Huffpost Black Voices

Anita Hill Talks Civil Rights

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Anita Hill poses for a portrait during the Sundance Film Festival on Friday, Jan. 18, 2013, in Park City, Utah. Hill made national headlines in 1991 when she testified that then-Supreme Court nominee Clarence Thomas had sexually harassed her. Now, more than 20 years later, director Freida Mock explores Hill's landmark testimony and the resulting social and political changes in the documentary "Anita," premiering Saturday at the Sundance Film Festival. (Photo by Victorial Will/Invision/AP) | AP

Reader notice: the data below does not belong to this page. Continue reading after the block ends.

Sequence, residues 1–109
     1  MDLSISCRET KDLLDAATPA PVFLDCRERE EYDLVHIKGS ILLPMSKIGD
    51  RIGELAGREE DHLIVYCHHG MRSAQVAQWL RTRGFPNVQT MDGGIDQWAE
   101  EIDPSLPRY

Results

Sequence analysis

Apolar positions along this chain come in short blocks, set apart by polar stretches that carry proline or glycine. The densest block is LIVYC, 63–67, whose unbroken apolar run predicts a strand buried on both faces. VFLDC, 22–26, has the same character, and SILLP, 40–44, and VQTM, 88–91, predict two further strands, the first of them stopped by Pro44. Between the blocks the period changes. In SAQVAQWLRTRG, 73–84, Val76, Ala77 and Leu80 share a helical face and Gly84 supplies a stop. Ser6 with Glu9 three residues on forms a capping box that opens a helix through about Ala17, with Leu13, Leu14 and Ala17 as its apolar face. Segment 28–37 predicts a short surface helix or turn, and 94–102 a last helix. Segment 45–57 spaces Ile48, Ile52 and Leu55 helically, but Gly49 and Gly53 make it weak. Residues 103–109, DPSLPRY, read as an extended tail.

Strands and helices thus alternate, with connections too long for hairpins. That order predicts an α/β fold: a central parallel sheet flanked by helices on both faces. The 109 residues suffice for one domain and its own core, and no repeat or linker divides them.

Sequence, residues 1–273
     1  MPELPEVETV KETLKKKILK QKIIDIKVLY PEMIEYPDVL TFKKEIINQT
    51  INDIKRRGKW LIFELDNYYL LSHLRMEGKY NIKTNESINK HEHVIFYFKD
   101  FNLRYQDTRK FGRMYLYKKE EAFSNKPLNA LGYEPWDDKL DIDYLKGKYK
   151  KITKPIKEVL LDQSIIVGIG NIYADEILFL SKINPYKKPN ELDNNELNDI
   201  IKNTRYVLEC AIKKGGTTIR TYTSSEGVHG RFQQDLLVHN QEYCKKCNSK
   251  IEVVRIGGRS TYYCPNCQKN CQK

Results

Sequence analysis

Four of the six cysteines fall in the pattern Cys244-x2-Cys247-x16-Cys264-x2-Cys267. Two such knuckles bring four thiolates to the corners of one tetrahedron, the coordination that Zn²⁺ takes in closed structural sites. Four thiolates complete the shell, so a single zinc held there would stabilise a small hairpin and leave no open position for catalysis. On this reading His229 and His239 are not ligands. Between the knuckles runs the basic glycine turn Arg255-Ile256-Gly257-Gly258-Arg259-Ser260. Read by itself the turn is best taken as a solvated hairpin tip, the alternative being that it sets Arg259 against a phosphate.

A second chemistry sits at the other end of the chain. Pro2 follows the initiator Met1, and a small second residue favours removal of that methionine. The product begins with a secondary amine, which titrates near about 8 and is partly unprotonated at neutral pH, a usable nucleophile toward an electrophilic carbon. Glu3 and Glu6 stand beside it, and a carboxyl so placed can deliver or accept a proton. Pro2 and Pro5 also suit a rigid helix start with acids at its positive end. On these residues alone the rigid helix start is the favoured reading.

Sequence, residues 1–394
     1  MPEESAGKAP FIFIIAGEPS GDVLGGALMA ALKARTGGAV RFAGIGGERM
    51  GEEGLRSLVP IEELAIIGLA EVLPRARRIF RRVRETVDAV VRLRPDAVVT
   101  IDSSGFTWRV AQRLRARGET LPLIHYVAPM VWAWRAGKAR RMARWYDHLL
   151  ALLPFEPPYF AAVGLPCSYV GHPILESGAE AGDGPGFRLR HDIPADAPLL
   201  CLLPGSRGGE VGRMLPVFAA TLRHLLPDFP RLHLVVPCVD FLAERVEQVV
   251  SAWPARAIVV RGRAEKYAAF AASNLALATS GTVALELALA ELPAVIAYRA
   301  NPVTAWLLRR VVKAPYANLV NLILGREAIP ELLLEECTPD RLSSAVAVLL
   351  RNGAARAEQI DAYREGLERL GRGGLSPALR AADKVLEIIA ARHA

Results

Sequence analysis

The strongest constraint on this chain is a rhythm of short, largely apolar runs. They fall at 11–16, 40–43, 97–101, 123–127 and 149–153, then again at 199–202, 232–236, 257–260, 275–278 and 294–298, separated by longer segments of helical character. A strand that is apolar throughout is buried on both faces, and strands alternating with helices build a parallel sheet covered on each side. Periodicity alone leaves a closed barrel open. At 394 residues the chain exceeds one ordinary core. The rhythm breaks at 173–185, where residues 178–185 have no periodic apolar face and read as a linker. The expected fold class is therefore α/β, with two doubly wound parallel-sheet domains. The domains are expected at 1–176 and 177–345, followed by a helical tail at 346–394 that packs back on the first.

On July 2 the 1964 Civil Rights Act turns 50. This sweeping piece of legislation outlawed discrimination based on race, color, religion, sex or national origin. It also ended segregation in schools and workplaces and made voter registration barriers like poll taxes illegal. I spoke with Anita Hill before she gave a keynote address about the Civil Rights Act at an event held by Equal Rights Advocates. We talked about the civil rights movement, her role models, and the lessons she learned from testifying against Clarence Thomas before the Senate Judiciary Committee.

Read the whole story at Colorlines